Mike Cagney vs. Todd Baker: The Debate at the Marketplace Lending and Investing ConferenceNovember 6, 2015 | By: Sean Murray
“You’re big buyers of some of this paper until you’re not,” said Todd Baker, the managing principal of Broadmoor Consulting, LLC, to a crowd of institutional investors and bankers at the Marketplace Lending and Investing Conference in New York. Seated to his right was his debate adversary, SoFi CEO Mike Cagney, who offered many opposing viewpoints. You can’t choose to not run a business because you fear it could some day shut down, Cagney argued.
The two opponents had battled before though Op-eds published in American Banker. “The hard truth is this: while MPLs [Marketplace Lenders] have introduced valuable innovation into financial services, they carry a fundamental flaw that threatens to undermine their business, destabilize financial markets and cause real economic hardship,” wrote Baker back on August 17th. The flaw he addressed is access to funding. Baker argued that if investors don’t want to buy loans, then the marketplace lender is dead because their existence relies on the transaction fees from loan originations.
Cagney responded directly two days later. “The scenario [Baker] describes can’t happen. It is true that an MPL needs a buyer to originate loans — without one, the marketplace needs to raise rates until a buyer emerges. If there is no buyer, MPLs simply stop lending — they won’t start originating underwater loans.”
That perhaps played partly to Baker’s argument because if indeed there was an absence of buyers then the marketplace lender stops originating loans… and would at least temporarily be dead or would at least not be generating revenue.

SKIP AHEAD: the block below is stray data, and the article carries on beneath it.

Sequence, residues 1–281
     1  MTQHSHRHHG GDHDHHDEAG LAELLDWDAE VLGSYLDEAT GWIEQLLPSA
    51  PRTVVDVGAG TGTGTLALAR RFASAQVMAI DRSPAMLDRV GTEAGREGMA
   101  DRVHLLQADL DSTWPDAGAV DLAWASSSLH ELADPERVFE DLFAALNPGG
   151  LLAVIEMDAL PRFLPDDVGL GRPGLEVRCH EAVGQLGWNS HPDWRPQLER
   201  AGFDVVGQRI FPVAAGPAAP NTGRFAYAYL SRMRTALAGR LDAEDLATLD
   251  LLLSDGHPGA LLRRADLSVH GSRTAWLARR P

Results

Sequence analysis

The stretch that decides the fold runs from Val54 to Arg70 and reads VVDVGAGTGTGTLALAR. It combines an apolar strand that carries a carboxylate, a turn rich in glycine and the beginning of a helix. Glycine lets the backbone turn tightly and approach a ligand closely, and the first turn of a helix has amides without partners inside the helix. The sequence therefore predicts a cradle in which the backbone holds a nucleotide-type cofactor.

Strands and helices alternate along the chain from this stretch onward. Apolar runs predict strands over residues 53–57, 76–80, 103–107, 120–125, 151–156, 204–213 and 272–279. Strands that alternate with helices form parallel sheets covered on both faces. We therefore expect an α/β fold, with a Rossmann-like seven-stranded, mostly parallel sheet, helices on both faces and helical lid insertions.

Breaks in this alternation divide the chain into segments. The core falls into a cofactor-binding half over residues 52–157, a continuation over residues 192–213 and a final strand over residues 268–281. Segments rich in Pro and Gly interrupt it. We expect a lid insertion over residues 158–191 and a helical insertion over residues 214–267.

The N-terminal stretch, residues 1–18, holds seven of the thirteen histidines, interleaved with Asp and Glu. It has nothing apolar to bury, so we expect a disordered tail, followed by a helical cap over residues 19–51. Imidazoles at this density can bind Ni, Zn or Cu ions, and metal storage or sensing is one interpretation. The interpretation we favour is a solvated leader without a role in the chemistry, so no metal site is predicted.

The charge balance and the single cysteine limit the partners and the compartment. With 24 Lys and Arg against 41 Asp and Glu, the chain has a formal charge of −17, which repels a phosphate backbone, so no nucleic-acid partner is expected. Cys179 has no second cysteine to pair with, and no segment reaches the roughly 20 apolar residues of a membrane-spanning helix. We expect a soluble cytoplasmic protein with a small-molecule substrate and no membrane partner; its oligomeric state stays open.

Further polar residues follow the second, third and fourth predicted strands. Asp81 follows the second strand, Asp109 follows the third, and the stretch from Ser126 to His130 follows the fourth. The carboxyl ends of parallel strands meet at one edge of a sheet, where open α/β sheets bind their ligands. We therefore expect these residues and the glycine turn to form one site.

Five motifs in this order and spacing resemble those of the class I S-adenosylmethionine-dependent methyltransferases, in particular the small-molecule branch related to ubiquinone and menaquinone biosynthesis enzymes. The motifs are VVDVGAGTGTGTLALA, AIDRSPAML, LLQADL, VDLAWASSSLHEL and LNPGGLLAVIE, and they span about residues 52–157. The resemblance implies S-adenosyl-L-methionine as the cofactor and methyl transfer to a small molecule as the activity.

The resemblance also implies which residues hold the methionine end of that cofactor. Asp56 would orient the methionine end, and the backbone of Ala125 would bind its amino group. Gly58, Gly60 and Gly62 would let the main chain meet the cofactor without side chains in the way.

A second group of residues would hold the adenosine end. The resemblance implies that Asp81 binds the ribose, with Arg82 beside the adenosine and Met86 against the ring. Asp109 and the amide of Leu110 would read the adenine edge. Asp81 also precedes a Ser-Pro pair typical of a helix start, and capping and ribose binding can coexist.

But during the live debate, Cagney cast the suggestion of there being no buyers aside. Companies like his are targeting large market segments, where there will theoretically always be demand at some price, not niche market segments that could dry up in a crisis. “The beauty of marketplace lending is we’re balance sheet light,” Cagney told the crowd while pointing out that banks get into trouble with lending because of how leveraged they are.
That viewpoint contrasted that of two Goldman Sachs VPs that told the same crowd earlier that marketplace lenders would eventually move towards keeping loans on their balance sheets.
SoFi is of course an exception to the mold of the average marketplace lender, which Baker made sure to point out. Most people in the room were aware of SoFi’s $4 billion private market valuation. It’s clear that Cagney knows what he’s doing, Baker said out of respect several times on stage. His comments were directed less at SoFi and more on marketplace lenders in general.
Baker worried that these loans were being classified as fixed income investments too soon. These loans are not backed by large corporations, he warned, but by consumers. They won’t act like fixed income investments forever, he said.
Cagney took the criticism in stride and basically chided Baker and those that share his concerns as being unwilling to pursue opportunities because they are simply afraid of change.
Someone knows where I am at all times, he jokingly warned the audience of bankers, in case any of them had planned to kidnap him and put an end to his disruptive endeavors.
SoFi’s brand is of being an anti-bank or a fixer of the broken banking system so Cagney no doubt expected doubters at a conference produced by American Banker’s parent company.
Baker told Cagney that he had a nice libertarian view that didn’t make sense over in the real world. Cagney gleefully accepted the label of libertarian and rejected the notion that the real world and the libertarian world weren’t one and the same.
The two agreed to cordially disagree and notably did not shake hands when the debate ended. Cagney, the anti-banker, appeared to win over a significant portion of the audience. To his credit, the conference was aptly named the Marketplace Lending and Investing conference, not the Traditional Banking Forever conference.
Both sides made valid arguments, but one thing is for certain, banking will never be the same.Last modified: November 6, 2015